A candle and call for 2021

Guest commentary by Liz Rasley

Not sure about you, but I cannot wait for the fireworks this year.

After all we’ve been through (murder hornets, mysterious monoliths and oh, a world-wide pandemic) I think mandatory fireworks across the entire nation is not too much to ask to ring in 2021. But that’s only my small, humble opinion.

If fireworks don’t happen in my tiny town, okay. I’m prepared with a Roman candle of my own to light it all up. While visions of all-day movie marathons and other distractions may be dancing through my children’s heads, my own version of delight is saying goodbye to a year that’s been more bitter than sweet, more heartachy than heartwarming. A Roman candle (the firework kind, that is) — well, that sort of energy resonates with my mostly disappointed mood for 2020. Like you, I had so many grand plans and expectations for it.

Now, if I really let myself, I could dive into the deep end of disappointment and despair, feeling very vindicated and self-righteous about all the things this year. And honestly? I could live there – or at least camp out there for a while – in the letdown and bitterness. And honestly? There may have been some days in 2020 where I did just that (more times, of course, than I care to admit).


But on better days, I’m reminded of my call as a Christian. Lately, my mind wanders to Job. Job feels like an old friend who knows intimately about how some years bring dark disappointment.

Job certainly had days of heartache. And like us, he went through his own version of 2020. And while we often think of Jesus as a man well acquainted with sorrows, Job is high on that list too. The setbacks Job experienced, in a nutshell: a loss of friends, a loss of status in the community and loss of family. And then, he had to deal with boils and the status of being a leper. I’m not sure if I could deal with just two of those things, much less all of them. It really gives my toilet paper shortage worries and whining about not hanging with friends a good gut check for sure. And it gives my own lamenting about smaller things a good wringing — as it is a wonder how Job didn’t leave life bitter after those experiences. In fact, he ended praising God.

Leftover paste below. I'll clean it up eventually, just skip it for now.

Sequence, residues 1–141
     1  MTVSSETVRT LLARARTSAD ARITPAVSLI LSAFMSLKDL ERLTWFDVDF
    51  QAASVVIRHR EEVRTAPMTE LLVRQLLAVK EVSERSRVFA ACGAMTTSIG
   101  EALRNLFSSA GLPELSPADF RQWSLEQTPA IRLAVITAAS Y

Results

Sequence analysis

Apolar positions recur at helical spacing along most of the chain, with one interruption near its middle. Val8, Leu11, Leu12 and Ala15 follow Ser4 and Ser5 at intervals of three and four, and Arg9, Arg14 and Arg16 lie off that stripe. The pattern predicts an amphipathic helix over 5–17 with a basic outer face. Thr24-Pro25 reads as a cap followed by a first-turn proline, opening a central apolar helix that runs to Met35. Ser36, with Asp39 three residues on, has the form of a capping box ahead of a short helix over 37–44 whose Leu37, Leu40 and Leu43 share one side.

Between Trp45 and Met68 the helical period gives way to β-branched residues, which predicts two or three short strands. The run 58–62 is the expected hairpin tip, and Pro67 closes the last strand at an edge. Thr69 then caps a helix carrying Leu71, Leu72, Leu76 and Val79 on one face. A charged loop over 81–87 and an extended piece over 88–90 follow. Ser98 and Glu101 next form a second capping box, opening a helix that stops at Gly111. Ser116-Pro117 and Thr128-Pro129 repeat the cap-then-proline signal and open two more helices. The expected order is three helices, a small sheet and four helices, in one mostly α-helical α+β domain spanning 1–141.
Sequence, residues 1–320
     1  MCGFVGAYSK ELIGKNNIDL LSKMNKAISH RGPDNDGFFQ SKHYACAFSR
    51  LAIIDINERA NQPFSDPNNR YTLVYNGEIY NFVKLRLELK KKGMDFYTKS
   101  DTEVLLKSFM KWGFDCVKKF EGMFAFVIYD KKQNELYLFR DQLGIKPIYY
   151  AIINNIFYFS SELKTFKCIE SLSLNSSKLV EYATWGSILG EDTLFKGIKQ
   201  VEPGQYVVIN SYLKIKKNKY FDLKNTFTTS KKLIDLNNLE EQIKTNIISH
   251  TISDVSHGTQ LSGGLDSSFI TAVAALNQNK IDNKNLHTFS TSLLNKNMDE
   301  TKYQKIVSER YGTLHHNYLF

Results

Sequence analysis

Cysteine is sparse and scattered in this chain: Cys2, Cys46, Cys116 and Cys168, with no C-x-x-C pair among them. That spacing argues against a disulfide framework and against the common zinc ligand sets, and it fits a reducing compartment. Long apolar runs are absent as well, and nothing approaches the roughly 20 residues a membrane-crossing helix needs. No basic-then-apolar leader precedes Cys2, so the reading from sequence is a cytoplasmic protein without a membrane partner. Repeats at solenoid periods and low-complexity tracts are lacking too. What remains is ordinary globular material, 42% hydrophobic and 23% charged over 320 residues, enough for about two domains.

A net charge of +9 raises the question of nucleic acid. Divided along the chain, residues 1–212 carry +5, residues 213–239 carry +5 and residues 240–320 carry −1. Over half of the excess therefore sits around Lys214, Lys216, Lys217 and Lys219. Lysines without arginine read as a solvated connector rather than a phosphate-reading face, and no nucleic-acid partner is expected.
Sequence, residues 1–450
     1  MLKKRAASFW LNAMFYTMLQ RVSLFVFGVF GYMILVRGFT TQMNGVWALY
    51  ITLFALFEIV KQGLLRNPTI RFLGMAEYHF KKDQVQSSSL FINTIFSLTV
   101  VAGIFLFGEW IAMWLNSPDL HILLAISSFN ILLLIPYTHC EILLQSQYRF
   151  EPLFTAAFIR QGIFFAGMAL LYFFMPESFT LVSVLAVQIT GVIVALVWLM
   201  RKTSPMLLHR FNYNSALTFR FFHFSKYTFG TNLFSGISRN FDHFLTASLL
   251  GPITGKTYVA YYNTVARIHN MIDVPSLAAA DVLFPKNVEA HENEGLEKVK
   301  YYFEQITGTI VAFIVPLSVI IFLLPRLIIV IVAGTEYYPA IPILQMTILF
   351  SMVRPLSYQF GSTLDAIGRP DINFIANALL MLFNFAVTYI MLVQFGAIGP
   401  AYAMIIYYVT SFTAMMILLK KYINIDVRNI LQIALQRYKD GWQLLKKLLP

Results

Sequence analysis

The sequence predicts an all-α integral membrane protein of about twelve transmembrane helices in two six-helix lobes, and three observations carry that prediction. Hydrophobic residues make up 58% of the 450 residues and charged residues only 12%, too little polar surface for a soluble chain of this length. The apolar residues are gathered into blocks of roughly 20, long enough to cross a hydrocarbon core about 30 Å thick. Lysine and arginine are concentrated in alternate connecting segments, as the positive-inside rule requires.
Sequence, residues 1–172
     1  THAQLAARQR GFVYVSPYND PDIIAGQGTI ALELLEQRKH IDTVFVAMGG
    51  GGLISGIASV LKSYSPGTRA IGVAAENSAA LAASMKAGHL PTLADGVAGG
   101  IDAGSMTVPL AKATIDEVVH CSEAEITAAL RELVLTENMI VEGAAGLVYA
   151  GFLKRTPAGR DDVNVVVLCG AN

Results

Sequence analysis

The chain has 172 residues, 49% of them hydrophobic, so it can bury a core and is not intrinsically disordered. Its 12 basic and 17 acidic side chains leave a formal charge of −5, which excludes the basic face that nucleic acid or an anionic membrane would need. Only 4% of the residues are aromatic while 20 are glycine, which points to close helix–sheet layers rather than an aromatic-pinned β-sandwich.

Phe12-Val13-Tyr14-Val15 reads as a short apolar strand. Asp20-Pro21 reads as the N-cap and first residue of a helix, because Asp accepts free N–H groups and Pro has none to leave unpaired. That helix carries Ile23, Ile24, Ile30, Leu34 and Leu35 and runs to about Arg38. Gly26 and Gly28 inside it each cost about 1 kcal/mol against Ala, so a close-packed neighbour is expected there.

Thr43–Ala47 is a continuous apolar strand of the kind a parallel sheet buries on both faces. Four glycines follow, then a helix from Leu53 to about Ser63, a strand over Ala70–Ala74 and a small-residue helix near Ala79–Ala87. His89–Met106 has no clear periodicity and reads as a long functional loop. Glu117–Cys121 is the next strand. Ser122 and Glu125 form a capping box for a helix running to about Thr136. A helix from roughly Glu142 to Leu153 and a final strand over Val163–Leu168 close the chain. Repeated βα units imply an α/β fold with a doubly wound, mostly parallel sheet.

This year. Whew. There aren’t the right (or perhaps, enough) words.

But we can still end it on a high note, and yes, still have a choice on how we end it. And we can end it thanking God.

As this year has proved to us, we can’t control much of anything in life. But we can choose how we respond. And we can choose to be thankful. I say that, of course, as a reminder to myself too, tucking away that Roman candle for another time. We can still praise God, even despite a year that was peppered with hardship. But Job’s story is a grand reassurance, that all will (eventually) be well with us and our souls.

There may be no fireworks this year, and in keeping with the surprises of 2020, it’s anyone’s guess on how it will end. (Dare we ask?)

But, what we know for sure is our call. And our God. And we can still believe in the goodness of God despite all the things, including 2020.

And somedays, just somedays, that is enough.

LIZ RASLEY is an elder and occasionally leads children’s moments at her church in Richardson, Texas. Her latest book is “Levity: Humor and Help for Hard Times.”